Good fences make good neighbors… -Mending Wall, Robert Frost
Walls keep some things in and some things out. While rivers, oceans, mountains and forests are natural boundaries, it is the inventiveness of men to construct un-natural boundaries declaring to all “this is MINE”. Trust and brotherly love seems to have been lost with Cain setting out after killing Abel. Fear and desire for control supplanted harmony. Men created walls.
The Great Wall of China
Originally started in the Third Century BC, by Emperor Qin Shi Huang, this series of walls and fortifications was started with labor comprised of soldiers and convicts. In the interest of security, that labor had a terrible cost in lives. History.com states that perhaps 400,000 died during the construction. Over the last millennium, a series of sometimes parallel walls fifteen to thirty feet in height and up to fifty feet thick at its base, the Wall was not really keeping anyone out. Though often stated that is was intended to keep the barbarians – Mongols and foreigners – out, it served mostly as a symbol. Ironically, the Mongol rulers of China manned the wall to protect commerce along the trade routes of the Chinese empire. It’s the only tourist attraction of the 21st Century visible from space.
The Maginot Line
Following the horrific casualties, mustard gas, trench warfare and devastation of the First World War, leaders in France, in the 1930s decided to build fortifications on the French-Germany border to prevent future incursion by Germany into France. Part of the wall was not a wall at all, but a series of fortresses and used the natural steep terrain thought to hinder the advancement of an enemy force. Part relied on the thick Ardenne forests and did not wall off the complete border. While the German army did penetrate the Ardenne forest and circumvented the Maginot Line, the French also failed to seal the border with other nations. Ironically, from the French side of the fortified line, the Allied troops found that the defenses were difficult to penetrate as they advanced toward Germany in 1944.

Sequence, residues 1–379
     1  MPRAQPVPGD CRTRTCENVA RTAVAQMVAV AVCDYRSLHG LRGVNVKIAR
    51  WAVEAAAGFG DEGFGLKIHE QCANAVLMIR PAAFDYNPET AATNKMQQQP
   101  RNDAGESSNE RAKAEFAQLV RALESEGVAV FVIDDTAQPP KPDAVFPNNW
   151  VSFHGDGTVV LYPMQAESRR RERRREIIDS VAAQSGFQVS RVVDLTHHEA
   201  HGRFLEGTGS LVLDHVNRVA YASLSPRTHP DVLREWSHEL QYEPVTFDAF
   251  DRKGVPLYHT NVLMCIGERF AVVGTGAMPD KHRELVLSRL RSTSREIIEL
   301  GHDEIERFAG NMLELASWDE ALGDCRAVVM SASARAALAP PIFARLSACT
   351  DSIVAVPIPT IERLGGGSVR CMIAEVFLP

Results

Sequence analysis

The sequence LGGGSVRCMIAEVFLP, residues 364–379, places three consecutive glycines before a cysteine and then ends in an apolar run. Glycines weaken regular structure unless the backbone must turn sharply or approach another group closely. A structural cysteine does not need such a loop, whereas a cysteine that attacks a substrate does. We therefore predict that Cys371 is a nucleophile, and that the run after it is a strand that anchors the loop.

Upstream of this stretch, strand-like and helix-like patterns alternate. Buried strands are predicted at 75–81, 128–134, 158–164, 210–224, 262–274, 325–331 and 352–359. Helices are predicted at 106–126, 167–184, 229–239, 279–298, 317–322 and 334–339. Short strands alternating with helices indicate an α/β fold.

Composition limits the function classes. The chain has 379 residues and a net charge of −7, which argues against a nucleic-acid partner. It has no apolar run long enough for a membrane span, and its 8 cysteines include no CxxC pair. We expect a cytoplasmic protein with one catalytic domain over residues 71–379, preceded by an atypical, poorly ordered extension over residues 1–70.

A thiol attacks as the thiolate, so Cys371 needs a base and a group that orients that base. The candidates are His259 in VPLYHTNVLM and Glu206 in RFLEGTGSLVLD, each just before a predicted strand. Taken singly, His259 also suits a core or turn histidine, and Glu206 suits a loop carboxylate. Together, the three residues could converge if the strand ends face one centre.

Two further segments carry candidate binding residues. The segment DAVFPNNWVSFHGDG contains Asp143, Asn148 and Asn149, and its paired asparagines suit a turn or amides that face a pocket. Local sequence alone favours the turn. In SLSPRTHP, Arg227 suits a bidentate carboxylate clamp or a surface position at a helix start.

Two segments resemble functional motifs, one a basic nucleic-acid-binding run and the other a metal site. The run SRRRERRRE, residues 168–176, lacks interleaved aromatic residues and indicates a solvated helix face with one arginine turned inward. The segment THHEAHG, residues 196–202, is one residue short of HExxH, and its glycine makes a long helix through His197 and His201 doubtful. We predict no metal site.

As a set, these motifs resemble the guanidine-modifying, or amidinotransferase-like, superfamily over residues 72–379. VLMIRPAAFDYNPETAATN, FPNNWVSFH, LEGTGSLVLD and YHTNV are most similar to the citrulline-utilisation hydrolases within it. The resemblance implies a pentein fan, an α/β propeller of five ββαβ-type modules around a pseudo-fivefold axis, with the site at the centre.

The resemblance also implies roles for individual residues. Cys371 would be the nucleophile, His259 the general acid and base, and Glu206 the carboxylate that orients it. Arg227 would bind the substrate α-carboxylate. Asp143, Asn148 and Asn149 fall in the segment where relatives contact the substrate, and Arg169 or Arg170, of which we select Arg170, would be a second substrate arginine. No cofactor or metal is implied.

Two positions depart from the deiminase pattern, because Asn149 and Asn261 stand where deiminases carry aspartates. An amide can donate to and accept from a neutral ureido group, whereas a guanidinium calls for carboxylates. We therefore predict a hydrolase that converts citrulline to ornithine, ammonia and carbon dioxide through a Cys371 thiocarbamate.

President Trump’s insistence on a wall is another in a series of fence strategies – Russians partitioning Germany, the French in Algeria, and even during the Vietnam conflict. On September 7, 1967 then Secretary of Defense Robert McNamara announced that an electronic barrier would be constructed to signal our forces when the North Vietnamese Army infiltrated south of the Demilitarized Zone (DMZ) along the South Vietnam border with North Vietnam. It was the second attempt in Vietnamese history to separate political entities of rival factions, for political and economic reasons. Each faction was supported by a European power, one Dutch and the other Portuguese, seeking to expand their economic interest in the region. That was in the 17th Century.
By the time the French were losing their colonies in Indochina to the Communist forces under Ho Chi Minh, they had successfully re-deployed their forces to their Algerian colony and were implementing a wall there that combined a lethal electric fence with anti-personnel mines. It was a very successful effort, but the cost in personnel and public sentiment in France to the conflict resulted in the French withdrawing. In Vietnam, by the mid-1960s, the United States strategy to oppose the infiltration of South Vietnam through troop deployment was not working. And so an idea germinated to build a wall. While the military supported expanding the war into the countries bordering South Vietnam and the North, another group supported deploying technological means along with huge numbers of mines , against personnel and vehicle traffic, to impede the infiltration of troops into South Vietnam. Through surveillance and aerial bombardment, the US attempted to thwart the use of the Ho Chi Minh trail. Considering the issues that impeded the surveillance, detection, collection and dissemination of the intelligence gathered, and the war’s huge cost in personnel, and political unrest at home, it was a failure.